Members of the Community Foundation's 21st Century Fund awarded $100,000 Tuesday night to the organizers of a microenterprise incubator serving immigrants and refugees on Buffalo's Lower West Side.
Bonnie Smith, president of Westminster Economic Development Initiative, was ecstatic when it was announced that her organization had beat out three other finalists for the grant award.
"I'm in another world. This is just phenomenal. This is the culmination of all the work that we've been doing," Smith said.
Her joyous reaction followed a close vote by about 300 members of the 21st Century Fund who had gathered for the final presentations at WNED-TV Studios.
For the past 3 1/2 years, the Westminster Economic Development Initiative has been working with new immigrants and refugees on the city's Lower West Side, providing them with micro loans and setting them up in vendor booths to help them develop small businesses.
The group looks to move to a bigger site to accommodate more prospective vendors and seeks to build a commercial kitchen that will allow vendors to prepare baked goods for sale.
"We now have six merchants in the bazzaar. We will have 30 merchants. That's what this money does for us. We can bring 24 more people into the bazzaar," Smith said.
Perhaps no one was as thrilled by the award as Louise Sano, a merchant already in the bazzaar. Sano, an immigrant from Rwanda, has been in Buffalo since 2007 and runs a business called Global Village, through which she sells crafts that she acquires from all over the world.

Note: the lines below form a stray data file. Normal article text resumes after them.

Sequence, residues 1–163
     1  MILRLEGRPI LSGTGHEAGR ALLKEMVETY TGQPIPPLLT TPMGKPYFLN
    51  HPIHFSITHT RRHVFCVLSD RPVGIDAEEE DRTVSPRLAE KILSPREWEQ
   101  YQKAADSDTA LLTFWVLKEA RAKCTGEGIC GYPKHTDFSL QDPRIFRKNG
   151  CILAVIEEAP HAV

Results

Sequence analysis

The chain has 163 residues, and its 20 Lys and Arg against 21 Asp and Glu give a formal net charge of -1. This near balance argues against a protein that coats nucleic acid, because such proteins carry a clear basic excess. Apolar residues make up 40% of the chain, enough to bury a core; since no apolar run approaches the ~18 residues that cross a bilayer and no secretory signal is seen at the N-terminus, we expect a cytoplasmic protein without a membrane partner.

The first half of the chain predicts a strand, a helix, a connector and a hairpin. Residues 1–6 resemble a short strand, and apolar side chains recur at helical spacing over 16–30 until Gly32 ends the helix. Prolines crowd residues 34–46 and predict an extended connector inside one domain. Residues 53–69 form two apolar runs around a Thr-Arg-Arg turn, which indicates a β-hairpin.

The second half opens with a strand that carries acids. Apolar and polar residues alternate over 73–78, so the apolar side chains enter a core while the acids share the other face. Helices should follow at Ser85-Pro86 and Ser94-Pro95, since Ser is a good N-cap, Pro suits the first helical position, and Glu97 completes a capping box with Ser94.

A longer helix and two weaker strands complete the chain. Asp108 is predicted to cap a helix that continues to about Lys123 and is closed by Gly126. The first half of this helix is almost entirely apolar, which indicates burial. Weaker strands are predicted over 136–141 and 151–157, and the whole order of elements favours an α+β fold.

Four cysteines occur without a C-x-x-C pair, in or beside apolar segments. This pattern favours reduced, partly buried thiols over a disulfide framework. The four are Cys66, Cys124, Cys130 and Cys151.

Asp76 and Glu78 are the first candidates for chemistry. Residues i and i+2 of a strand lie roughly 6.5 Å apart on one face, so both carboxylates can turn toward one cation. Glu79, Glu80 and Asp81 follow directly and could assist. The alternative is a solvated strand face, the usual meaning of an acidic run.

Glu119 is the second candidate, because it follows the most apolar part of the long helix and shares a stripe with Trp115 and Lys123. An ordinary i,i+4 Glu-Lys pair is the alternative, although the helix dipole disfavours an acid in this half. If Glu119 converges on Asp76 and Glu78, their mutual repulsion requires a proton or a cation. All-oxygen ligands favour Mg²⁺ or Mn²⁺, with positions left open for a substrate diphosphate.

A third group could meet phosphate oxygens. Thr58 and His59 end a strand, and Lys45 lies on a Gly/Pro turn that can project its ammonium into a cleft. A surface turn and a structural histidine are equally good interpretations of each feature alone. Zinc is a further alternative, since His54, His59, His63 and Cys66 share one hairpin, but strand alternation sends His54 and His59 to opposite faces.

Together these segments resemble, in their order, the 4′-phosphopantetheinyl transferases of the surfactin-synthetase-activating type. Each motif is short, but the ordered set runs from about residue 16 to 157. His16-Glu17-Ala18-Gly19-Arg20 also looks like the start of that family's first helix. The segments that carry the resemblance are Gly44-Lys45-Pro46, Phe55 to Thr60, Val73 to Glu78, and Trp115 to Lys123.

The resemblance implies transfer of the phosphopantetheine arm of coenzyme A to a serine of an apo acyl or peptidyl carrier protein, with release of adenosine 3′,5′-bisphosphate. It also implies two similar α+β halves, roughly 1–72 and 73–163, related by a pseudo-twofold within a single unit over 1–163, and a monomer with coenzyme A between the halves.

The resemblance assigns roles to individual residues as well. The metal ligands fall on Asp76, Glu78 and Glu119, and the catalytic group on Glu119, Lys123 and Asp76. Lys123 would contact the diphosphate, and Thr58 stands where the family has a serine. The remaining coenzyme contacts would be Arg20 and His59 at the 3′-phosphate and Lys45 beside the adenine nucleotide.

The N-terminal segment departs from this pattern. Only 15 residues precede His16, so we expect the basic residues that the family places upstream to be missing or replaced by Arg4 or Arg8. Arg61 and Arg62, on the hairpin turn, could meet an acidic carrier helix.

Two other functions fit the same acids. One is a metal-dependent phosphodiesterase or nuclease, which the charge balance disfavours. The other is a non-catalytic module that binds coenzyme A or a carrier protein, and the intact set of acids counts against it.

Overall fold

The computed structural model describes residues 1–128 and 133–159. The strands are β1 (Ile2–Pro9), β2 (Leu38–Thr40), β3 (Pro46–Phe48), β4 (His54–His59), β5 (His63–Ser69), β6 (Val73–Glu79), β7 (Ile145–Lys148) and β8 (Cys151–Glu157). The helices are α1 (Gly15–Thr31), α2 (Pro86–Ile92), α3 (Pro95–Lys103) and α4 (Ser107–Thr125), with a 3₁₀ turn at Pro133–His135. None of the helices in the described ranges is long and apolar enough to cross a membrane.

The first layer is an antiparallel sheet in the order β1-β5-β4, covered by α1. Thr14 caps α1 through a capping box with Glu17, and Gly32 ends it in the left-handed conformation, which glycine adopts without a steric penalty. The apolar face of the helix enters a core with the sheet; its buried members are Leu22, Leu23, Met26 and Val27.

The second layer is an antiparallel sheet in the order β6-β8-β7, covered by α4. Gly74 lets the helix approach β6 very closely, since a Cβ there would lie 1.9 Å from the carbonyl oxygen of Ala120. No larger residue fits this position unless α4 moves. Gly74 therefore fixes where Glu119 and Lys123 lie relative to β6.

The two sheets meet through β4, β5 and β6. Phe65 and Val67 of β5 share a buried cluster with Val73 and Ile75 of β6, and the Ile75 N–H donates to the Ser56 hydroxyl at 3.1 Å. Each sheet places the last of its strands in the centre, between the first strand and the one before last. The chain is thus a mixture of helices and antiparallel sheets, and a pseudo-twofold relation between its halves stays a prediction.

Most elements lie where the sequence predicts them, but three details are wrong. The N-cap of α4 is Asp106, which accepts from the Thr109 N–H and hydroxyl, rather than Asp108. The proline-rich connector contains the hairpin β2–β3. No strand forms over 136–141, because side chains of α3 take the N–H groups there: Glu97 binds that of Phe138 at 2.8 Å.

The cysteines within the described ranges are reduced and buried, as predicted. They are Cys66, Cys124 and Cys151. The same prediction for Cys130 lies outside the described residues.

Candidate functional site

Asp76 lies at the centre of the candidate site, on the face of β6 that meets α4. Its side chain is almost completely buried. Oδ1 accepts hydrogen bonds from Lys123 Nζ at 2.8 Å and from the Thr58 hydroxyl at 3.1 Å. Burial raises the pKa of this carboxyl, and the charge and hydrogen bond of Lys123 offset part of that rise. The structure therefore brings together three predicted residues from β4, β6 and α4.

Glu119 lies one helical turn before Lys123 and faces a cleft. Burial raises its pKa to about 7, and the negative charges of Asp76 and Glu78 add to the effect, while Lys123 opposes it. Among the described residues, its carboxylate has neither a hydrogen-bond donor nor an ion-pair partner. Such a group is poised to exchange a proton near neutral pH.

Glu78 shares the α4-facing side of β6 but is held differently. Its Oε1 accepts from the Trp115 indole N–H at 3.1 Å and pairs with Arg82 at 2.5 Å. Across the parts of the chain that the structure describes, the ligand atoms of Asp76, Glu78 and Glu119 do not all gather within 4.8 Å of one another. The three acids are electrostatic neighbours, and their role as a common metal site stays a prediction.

"I'm inspired by unique pieces from all over the world, as long as it has an impact and the 'wow' factor," Sano said. "I've been a vendor for one year and I will be opening my own store on [May 9] at 216 Grant Street. That's next to my family, because I need to stay here. I cannot go very far from them," Sano said with a cheerful grin.
Cynthia Schwartz, chairwoman of the grants review committee for the 21st Century Fund, said there were 24 applications for the $100,000 grant award this year.
"What the application review committee does is to ensure that the projects that move forward to the membership are financially viable projects [and] that they have stable board leadership," Schwartz said. "We want to be sure that what the members vote are projects sponsored by organizations that we know will use the money wisely and are sustainable."
The other finalists were the Community Action Organization, which sought funding for a proposed green equity project to grow fresh vegetables and raise fresh fish that would be made available to residents on Buffalo's East Side, where residents have very limited access to fresh foods; the Olmsted Parks Conservancy, which is using Days Park as a pilot site for intensive organic maintenance of the park grounds; and the Theodore Roosevelt Inaugural Site Foundation, which initially tied with the Westminster Economic Development Initiative until a tie-breaker was held Tuesday.